100 Utilizing Scanning Probe Microscopy for Organic Photovoltaic Research

Wednesday, November 4, 2009: 9:10 AM
Charolais (Camino Real Hotel)
Ashley Kibel , Department of Physics and the Biodesign Institute, Arizona State University, Tempe, AZ
Shreya Bhattacharyya , Department of Chemistry and the Biodesign Institute, Arizona State University, Tempe, AZ
Paul A. Liddell , Department of Chemistry and Biochemistry, Arizona State University, Tempe, AZ
Devens Gust , Department of Chemistry and Biochemistry, Arizona State University, Tempe, AZ
Stuart Lindsay , Department of Physics, Department of Chemistry and the Biodesign Institute, Arizona State University, Tempe, AZ
            Organic molecules present a unique and potentially affordable solution to renewable photovoltaic energy.  The ability to tune the absorption of organic molecules to solar conditions, and the potential ease of device fabrication have raised much interest in the field of organic photovoltaics.  Currently, however, organic solar cells suffer from low efficiencies due in part to low charge extraction rates caused by recombination in the photovoltaic devices.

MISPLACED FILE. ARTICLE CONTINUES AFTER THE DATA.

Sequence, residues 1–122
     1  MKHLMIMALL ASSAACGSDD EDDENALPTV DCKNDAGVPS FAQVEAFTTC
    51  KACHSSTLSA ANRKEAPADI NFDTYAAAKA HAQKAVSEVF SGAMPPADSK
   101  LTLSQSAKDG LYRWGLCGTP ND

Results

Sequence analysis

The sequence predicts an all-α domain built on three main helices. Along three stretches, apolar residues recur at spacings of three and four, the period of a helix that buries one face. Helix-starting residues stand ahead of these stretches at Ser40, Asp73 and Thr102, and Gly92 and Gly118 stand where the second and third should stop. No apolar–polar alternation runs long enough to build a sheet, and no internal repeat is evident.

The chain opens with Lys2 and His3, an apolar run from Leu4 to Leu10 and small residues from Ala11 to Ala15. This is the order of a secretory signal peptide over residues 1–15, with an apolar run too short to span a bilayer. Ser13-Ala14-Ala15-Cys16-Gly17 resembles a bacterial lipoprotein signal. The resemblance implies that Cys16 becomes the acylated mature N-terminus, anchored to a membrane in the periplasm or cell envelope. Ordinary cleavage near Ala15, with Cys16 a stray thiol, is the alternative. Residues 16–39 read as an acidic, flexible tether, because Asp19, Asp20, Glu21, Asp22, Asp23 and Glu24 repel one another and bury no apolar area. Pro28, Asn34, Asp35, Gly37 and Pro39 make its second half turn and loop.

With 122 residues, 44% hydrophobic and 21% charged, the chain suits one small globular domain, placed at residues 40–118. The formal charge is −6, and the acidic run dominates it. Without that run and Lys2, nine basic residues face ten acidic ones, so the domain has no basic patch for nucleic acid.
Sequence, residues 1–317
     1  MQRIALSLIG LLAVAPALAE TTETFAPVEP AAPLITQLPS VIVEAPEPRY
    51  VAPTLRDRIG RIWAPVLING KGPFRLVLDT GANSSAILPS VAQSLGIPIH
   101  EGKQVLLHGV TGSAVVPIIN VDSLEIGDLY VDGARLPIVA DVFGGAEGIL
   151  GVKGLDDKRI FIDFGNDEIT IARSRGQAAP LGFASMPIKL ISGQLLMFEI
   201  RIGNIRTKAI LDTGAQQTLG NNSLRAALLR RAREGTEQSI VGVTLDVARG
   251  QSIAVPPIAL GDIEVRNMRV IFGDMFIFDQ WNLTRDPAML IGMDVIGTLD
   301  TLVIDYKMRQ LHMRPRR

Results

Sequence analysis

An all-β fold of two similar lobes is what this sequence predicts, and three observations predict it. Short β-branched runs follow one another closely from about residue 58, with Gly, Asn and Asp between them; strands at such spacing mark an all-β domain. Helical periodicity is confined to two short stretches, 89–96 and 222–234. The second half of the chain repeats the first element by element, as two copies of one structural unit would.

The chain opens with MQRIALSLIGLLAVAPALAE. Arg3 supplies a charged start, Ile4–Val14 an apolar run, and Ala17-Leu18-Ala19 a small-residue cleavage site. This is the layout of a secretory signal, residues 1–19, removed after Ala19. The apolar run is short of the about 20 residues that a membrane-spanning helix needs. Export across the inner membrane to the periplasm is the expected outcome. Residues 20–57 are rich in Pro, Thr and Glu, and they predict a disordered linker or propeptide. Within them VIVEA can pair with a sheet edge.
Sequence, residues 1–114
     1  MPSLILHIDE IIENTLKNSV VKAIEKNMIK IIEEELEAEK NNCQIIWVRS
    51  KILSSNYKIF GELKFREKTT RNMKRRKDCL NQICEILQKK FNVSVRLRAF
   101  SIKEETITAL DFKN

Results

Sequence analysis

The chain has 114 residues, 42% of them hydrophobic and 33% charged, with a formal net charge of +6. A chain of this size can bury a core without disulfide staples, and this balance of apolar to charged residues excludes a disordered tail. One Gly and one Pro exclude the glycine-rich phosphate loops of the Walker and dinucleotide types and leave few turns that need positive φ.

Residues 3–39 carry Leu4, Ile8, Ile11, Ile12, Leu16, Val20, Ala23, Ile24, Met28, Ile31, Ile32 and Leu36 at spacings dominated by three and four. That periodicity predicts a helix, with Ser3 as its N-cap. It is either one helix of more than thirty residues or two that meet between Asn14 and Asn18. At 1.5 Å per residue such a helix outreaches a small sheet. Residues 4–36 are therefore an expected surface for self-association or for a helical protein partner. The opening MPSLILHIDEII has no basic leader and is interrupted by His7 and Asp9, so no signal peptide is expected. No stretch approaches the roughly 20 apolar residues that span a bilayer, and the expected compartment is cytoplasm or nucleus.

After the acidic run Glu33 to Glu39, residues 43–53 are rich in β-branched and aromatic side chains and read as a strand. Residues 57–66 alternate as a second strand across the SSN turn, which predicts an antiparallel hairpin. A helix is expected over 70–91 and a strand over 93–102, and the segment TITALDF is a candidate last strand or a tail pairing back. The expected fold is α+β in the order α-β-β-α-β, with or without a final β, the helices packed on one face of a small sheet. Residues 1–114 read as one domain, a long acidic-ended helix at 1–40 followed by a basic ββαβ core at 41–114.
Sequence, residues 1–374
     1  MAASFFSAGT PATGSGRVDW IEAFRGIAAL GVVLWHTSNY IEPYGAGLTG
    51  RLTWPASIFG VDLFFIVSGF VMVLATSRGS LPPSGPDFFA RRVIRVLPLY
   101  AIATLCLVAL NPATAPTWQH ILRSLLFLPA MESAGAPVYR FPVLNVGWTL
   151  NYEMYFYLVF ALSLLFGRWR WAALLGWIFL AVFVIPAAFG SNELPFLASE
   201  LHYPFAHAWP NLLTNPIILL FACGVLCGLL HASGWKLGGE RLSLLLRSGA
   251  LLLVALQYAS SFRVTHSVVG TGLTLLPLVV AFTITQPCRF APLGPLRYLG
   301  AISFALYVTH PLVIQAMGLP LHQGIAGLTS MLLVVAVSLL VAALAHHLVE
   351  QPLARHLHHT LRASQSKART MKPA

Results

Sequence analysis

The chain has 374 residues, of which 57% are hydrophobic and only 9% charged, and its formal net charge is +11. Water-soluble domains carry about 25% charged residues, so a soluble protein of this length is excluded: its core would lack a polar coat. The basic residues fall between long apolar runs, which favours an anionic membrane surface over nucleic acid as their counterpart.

Scanning probe microscopy is increasingly being utilized to study the properties of organic photovoltaic materials at both the nanoscale and the single molecule level.  The Atomic Force Microscope (AFM) has the ability to study both the morphological properties of organic film devices, as well as electronic properties such as conductance and surface potential.  The scanning tunneling microscope (STM), similarly, can study the electronic properties of single photovoltaic molecules.

            We have studied the conductance properties of photovoltaic substrates and organic thin films of light absorbing molecules using current sensing atomic force microscopy (CS-AFM).  We have also directly observed the conductance properties of single porphyrin-fullerene dyad molecules on Indium Tin Oxide electrodes using STM by observing tunnel junction conductance switching caused by single molecule binding events in the time domain.  We find that the scanning probe microscope is a useful tool in the electrical characterization of organic photovoltaics and has the potential to help influence organic photovoltaic design and improvement.